Aces on Bridge — Daily Columns

The Aces on Bridge: Monday, June 4th, 2012

Sorrow knocked at my door, but I was afraid;
Ambition called to me, but I dreaded the chances.

Edgar Lee Masters

West North
North-South ♠ 7 3
 Q 10 7
 Q 10 8
♣ Q 9 7 5 2
West East
♠ 10 6 5
 9 5 4
 K 3
♣ A J 8 4 3
♠ A J 9 8 4
 A 3 2
 9 6 5 4 2
♣ —
♠ K Q 2
 K J 8 6
 A J 7
♣ K 10 6
South West North East
Pass Pass 1♠
1 NT 2♠ 2 NT Pass
3 NT All pass    


The U.S. Bridge Federation is running its trials this week to select the team for the 2012 Olympiad Tournament. To mark the occasion, I shall be running a few deals from last year's event, in which my team qualified for the Senior Bowl in Veldhoven.

In today’s deal my partner, Dan Morse (East), opened one spade and I raised to two spades over the one-no-trump overcall, and played there. Against two spades, the defenders accurately led a heart, but ducked their diamond ace. So Dan was able to get a heart loser away on the club ace and hold his losers to two trumps and one in each red-suit, for plus 140.

In the other room the auction went as shown, with Arnie Fisher competing over two spades with two no-trump, and Fred Hamilton moving on to game. The defenders led a spade to the ace and returned the suit. Hamilton knocked out the heart ace, won the third spade, and led the club king from hand. Once he had guessed clubs, the defenders had just one trick in each suit, and Hamilton had nine tricks.

Did you notice the defenders’ slip? At trick one East must put in the spade jack, then win the heart ace to return a low spade. Now West will win his club ace and play the third spade to East, who can cash out for down one. (And had East ducked the heart ace smoothly, might declarer have — fatally — switched his attention to clubs?)

With two attractive leads to choose from, I'd go for the diamonds rather than a spade. Just because your RHO has bid the suit doesn't mean that it won't be possible for you to set up the suit on defense. Unless dummy puts down three cards to an honor, the lead won't blow a trick — and even then, you might still survive the lead.


♠ 10 5 4 2
 10 6 3
 Q J 10 2
♣ A 3
South West North East
Pass 1 Pass 1 NT
All pass      

For details of Bobby Wolff’s autobiography, The Lone Wolff, contact If you would like to contact Bobby Wolff, please leave a comment at this blog. Reproduced with permission of United Feature Syndicate, Inc., Copyright 2012. If you are interested in reprinting The Aces on Bridge column, contact


Iain ClimieJune 18th, 2012 at 12:35 pm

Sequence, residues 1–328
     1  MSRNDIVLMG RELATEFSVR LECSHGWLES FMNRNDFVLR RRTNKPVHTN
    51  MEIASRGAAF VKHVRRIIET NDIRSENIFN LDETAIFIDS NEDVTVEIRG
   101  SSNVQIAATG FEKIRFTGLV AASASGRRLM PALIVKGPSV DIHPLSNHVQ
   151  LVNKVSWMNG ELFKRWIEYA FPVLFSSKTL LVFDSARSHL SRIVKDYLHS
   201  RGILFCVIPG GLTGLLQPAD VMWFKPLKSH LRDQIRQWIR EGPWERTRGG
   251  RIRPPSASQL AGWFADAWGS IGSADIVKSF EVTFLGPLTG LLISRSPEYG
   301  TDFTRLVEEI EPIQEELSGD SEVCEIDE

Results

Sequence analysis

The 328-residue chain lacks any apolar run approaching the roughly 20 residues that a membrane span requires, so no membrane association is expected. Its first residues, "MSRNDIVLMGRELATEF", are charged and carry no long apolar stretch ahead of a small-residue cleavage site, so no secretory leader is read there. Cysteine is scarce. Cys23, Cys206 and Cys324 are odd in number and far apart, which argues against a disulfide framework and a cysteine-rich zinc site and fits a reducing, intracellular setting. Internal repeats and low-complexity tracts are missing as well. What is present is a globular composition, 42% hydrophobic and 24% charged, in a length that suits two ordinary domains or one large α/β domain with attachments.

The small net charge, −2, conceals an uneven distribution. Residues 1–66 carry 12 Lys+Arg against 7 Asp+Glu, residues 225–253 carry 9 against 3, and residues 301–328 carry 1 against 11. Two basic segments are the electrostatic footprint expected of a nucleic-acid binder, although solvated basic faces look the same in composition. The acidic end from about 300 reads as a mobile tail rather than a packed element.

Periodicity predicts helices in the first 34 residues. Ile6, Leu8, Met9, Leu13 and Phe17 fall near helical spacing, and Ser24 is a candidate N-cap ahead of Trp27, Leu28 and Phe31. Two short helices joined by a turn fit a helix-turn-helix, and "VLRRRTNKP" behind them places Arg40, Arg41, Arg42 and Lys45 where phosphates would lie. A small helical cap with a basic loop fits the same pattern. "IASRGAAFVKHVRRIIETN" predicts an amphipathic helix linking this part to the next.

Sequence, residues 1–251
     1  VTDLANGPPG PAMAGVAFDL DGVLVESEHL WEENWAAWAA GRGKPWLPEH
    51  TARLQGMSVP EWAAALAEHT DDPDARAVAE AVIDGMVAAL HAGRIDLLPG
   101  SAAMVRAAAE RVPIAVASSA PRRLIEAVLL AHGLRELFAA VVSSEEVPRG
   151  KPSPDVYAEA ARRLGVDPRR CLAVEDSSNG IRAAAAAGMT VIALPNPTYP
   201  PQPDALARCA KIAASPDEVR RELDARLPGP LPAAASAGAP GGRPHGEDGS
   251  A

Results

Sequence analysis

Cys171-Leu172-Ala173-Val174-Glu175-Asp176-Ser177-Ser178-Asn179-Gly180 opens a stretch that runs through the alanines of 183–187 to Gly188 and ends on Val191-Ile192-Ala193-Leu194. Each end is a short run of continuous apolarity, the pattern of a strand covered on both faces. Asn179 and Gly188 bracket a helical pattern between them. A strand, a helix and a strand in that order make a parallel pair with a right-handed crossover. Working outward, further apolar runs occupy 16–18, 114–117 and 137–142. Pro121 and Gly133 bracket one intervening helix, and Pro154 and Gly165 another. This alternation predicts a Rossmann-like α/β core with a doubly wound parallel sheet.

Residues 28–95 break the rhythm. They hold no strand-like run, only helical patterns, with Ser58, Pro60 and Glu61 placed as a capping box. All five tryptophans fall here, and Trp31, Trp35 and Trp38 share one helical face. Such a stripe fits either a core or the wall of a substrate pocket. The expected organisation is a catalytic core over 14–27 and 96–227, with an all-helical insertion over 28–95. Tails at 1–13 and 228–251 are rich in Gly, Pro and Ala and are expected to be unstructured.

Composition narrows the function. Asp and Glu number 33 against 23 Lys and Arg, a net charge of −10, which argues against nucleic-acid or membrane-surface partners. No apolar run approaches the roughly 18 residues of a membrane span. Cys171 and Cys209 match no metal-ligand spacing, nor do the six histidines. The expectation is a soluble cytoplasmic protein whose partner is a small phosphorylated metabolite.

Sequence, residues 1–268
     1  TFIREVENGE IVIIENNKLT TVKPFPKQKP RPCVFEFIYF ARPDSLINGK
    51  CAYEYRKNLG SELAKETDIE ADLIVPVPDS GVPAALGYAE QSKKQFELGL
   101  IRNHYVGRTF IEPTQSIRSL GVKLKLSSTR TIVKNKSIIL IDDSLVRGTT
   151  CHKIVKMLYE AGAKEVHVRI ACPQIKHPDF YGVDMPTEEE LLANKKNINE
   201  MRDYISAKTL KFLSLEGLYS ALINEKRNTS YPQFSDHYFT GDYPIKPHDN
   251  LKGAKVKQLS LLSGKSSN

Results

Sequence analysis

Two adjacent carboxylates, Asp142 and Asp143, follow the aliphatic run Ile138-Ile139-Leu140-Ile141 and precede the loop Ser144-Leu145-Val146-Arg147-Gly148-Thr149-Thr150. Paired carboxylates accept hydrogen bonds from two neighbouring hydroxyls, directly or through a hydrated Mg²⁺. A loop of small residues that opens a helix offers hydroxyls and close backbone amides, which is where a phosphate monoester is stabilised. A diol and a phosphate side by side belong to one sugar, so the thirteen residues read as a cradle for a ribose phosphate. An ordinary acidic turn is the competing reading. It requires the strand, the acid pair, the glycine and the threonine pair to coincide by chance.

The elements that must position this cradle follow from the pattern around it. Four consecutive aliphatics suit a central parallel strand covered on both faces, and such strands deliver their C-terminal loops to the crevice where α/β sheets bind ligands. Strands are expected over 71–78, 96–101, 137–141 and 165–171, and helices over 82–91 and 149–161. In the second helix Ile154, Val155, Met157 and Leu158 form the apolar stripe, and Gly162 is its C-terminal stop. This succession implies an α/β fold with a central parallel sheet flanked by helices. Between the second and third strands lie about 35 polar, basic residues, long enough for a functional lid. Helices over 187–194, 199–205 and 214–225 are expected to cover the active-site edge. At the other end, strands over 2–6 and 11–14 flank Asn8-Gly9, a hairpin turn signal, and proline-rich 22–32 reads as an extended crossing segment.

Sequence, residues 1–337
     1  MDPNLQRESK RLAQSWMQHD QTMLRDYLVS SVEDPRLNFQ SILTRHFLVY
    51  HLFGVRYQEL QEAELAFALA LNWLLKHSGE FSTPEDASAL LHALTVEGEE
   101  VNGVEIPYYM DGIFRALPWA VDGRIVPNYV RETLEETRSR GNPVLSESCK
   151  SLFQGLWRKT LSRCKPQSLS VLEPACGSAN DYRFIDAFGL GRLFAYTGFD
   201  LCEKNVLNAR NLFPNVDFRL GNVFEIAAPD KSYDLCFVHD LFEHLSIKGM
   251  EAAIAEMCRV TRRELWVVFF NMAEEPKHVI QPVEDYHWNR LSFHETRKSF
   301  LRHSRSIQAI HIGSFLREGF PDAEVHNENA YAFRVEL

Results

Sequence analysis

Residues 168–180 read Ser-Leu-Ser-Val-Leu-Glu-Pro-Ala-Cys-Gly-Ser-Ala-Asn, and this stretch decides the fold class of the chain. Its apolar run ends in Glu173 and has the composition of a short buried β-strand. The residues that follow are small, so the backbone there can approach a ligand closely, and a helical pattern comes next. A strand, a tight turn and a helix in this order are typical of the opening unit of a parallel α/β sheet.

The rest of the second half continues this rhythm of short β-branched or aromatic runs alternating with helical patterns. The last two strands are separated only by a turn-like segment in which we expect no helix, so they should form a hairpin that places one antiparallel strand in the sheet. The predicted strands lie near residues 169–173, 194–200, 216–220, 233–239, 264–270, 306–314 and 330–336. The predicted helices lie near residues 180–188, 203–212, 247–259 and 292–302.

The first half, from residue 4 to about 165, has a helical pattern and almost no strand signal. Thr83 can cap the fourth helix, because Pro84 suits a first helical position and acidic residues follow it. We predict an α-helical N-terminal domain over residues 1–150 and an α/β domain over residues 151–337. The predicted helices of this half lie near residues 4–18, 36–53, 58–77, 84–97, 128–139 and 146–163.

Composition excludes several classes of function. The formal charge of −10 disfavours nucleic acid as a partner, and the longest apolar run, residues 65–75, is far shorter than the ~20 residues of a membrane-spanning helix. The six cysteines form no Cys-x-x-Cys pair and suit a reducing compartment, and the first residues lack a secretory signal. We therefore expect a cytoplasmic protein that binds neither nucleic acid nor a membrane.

Hi Mr. Wolff,

I have a terrible sinking feeling about the lead problem. I can understand the diamond but either declarer has AKxxx and I’ve lost a key tempo and helped set his suit up or dummy has K8x opposite A9xx(x). Worse still partner has good spades.

Lead a spade, of course, and you find dummy with 4 opposite declarer’s AJx or similar but declarer with 4 weakish diamonds opposite xx. Flippancy aside, can any estimate be made of the relative likelihoods of the hand types? I suspect that there are many more cases where declarer has only 4 diamonds on the bidding (when partner only needs 9x for it to be ok) than 3-2-5-3 hands or similar. If the spades were slightly stronger (J10xx or similar) this might swing things back.


Iain Climie

Judy Kay-WolffJune 18th, 2012 at 5:01 pm

Hi Iain,

You make several right-on reasons for preferring a spade lead, instead of choosing a better suit, but not one where the opening bidder bid.

One thing i keep in mind is that, while defending 1NT, it is usually possible (probable) that the defense can change the defensive course and that the 2nd time around is just as effective as the 1st. In some ways and against 1NT (as opposed to game) the main concern is not to give a trick away to declarer that he might have lost if we had not had to play 1st and 3rd to that trick instead of the preferred 2nd and 4th.

Although leading a fairly solid holding of QJ!0x does not guarantee not to (as you have pointed out), it still is probably safer than is 10xxx since the opponents can easily have 7 total spades, but even if not, leading away from the 10 is at least slightly more likely to lose a trick than many think.

However, no one (especially I) am saying that I have the leading keys to the bridge universe, only that percentages and computer simulation bear what I think is a close determination.

I appreciate your always well thoughtout impartial and sincere views.

Judy Kay-WolffJune 18th, 2012 at 7:17 pm

Obviously the above was written by Bobby Wolff not Judy Kay-Wolff. Technical difficulties.